For my second writeup in the software development series, I’d like to give some personal insights into what might be the most central concept to web applications development: the MVC structure. I’ll be giving some level of analogy as to how apps function using relatable real-life illustrations. I’d like to also say that the points expounded in this post wouldn’t be an in-depth analysis of everything MVC; think of it as an attempt to scratch the surface of an integral part of web apps development.

If you’re an outsider looking in, I know you’re definitely wondering: What is MVC? Well, it is simply what makes your various apps able to do everything you instruct it to do. Yeah, the facebook, instagram, twitter apps on your phones are basically exemplification of MVC at work. Everything from you logging in, checking a profile, making a post, booking a flight, paying for an item on amazon, etc. These all have something to do with the framework that is MVC

MVC is an acronym for Model-View-Controller. An example which immediately comes to mind is a customer that goes to a restaurant for some food. He is in this case the view, he makes some request through the waiter (the controller) and the waiter informs the cook (model) of the request made by the customer. The waiter in turn delivers the food to the customer.

When you launch your app, you get back what we call the V (view) of the MVC. It is through this view you’re able to read the content of the page and/or “talk to”/communicate with the app. Talking to the app is essentially you sending information for instance “liking” a post on Facebook changes the button to blue. You get an immediate response in this case. In some other cases if you tell the app that you want to see the content of a facebook group, you’d wait a couple seconds for the group’s (view) page to load and you can do some more talking to the app about that group.

When you click on any content on the app, the Controller (“C” in the MVC) takes your request and directs it to the appropriate channel and the content within that channel is sent back as the view which you then see displayed. The controller fulfills the request by communicating with the Model, which in turn has access to a database that stores all of the information you’re requesting when you click on an item. This same logic applies to when you’re shopping on amazon: Through the view, you see for instance a footwear type you like, click on it and are directed to a page that contains more information about that particular footwear, including its price. If you want to buy, you push a button and the controller requests that a cart model be loaded, taking in that footwear and any other item you want to purchase.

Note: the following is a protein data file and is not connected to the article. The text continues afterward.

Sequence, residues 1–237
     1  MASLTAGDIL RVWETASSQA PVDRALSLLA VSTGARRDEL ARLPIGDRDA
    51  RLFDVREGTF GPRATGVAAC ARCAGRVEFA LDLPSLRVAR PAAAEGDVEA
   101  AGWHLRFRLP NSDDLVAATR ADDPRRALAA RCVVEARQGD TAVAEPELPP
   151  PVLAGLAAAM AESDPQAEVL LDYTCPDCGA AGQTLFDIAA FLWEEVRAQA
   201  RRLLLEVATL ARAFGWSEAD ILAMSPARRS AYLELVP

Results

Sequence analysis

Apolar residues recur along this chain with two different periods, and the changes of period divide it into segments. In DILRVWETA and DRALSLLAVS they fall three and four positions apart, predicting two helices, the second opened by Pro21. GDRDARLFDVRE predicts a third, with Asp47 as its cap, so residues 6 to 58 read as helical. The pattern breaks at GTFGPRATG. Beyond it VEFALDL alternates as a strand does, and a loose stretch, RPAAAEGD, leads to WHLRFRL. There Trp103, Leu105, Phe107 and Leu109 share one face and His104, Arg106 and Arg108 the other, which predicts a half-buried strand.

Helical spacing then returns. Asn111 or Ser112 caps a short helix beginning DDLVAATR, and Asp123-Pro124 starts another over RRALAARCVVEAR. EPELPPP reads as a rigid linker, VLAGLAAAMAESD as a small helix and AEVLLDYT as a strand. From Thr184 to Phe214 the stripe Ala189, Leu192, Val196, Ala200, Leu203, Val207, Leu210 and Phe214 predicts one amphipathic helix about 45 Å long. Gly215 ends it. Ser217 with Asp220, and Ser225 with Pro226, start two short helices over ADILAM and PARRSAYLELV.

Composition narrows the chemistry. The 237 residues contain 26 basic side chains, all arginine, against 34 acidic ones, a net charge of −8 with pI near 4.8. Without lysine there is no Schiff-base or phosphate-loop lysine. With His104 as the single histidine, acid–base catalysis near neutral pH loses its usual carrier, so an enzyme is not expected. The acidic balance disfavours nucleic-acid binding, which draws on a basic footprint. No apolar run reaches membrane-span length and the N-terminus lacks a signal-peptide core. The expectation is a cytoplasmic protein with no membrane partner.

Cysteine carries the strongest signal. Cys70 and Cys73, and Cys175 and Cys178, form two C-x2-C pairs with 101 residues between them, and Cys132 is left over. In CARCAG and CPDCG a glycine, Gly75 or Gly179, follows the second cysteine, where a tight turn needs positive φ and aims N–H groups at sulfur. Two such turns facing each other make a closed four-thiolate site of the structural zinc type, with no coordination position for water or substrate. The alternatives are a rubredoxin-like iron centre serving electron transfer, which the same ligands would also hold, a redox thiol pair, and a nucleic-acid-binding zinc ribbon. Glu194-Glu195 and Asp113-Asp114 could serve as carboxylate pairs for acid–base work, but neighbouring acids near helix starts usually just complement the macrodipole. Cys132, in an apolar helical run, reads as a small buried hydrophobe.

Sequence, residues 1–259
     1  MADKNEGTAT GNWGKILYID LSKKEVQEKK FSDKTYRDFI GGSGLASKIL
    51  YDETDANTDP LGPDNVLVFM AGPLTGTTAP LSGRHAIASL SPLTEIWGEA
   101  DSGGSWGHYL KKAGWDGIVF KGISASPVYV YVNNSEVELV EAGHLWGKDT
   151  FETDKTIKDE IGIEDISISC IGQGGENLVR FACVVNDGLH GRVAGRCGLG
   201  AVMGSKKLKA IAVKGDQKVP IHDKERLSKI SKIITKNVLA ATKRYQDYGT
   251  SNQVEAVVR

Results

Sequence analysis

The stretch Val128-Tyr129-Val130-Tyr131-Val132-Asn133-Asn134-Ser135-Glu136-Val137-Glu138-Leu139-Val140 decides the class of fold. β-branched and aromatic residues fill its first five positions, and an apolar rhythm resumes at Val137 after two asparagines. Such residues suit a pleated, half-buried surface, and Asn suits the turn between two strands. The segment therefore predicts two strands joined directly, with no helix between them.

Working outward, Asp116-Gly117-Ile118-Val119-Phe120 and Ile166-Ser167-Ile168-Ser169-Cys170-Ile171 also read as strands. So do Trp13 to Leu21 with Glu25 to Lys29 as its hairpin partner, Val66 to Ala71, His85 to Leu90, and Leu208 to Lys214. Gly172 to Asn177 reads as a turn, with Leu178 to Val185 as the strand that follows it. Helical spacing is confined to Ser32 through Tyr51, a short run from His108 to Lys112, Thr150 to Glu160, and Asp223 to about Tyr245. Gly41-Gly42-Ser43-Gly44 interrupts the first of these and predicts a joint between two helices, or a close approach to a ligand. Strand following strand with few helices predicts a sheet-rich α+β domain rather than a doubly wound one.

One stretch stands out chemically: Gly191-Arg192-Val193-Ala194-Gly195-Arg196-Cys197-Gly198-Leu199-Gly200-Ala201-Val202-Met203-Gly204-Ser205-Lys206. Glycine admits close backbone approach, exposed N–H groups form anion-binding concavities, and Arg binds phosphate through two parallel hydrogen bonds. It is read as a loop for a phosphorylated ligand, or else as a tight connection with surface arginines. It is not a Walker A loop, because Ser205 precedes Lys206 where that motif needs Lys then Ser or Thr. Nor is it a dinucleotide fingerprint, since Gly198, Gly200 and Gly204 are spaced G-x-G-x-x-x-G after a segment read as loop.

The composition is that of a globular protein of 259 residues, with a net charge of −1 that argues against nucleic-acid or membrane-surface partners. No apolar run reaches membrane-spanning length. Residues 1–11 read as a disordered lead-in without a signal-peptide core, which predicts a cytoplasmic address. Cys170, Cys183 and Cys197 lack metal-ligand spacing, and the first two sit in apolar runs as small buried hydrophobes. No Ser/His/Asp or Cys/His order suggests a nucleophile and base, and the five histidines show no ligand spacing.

To go a little bit into actually developing this, let’s write some of the simple parts of these code in the Ruby language. Assumption made here is that there are no Javascript / front end code, no CSS, and this particular amazon only sell shoes. Also, the various routes are assumed to have been pretty much handled by Rails, a framework for the Ruby language. Your typical amazon search bar looks like this (fig. 1):

fig. 1: a typical amazon search bar

This is what the customer gets to see (the view in our MVC structure). The code that made the search bar possible looks something like the one given in fig. 2 below:

fig. 2: code that helps display the search bar in fig. 1

When the customer enters “air Jordan for men” in the search bar, a controller (C in MVC) action runs, asks some information from the shoe model and gets a response that displays all air Jordan shoes horizontally (fig. 3).

fig. 3: all air Jordan shoes available in database

This controller action is a single line of code (lines 3–5, fig. 4 below) that collects all shoes in the database (the controller actually calls on the “Shoe” model which in turn requests it from the database). Just imagine database to be a store house for data or information:

fig. 4: some important controller actions for shoes

The customer then proceeds to select one of the shoes from all the options and this in turn fires another controller action (line 7–9 of fig. 4) which gets the particular shoe that was selected and sends it to the appropriate view page (fig. 5):

fig. 5: displaying a particular shoe from a collection of shoes

Since this is a whole new page displaying just a single item, it means we must have had some code in some specific shoe’s page. The code that renders the above is something like:

fig. 6: example of code that makes fig. 5 possible

Note that this code works for every shoe type selected. The code is written in such a way that it’s responsive and can adapt to whatever shoe is selected. The customer then can decide to add this to their cart and checkout.

fig. 7: a typical “add to cart” button on amazon

The add-to-cart event is also made possible by an appropriate controller action which creates an instance of the cart-shoe “join” model (line 7–9, fig. 8):

fig. 8: controller actions for creating a cart and adding a selected shoe

When the customer pushes “checkout”, a form is displayed in which they can put in their payment information and pay for the shoe.

And just like that, a customer completes the cycle from search to purchase.

Overall this is a simple way to introduce the MVC structure. It’s intended to only make the reader flow with and understand how code runs together to make the customer experience hitch-free. There are also many different ways to write the same code so this is by no means some authority. Please feel free to let me know of comments, concerns or anything you like about this blogpost.

A guy that loves some action

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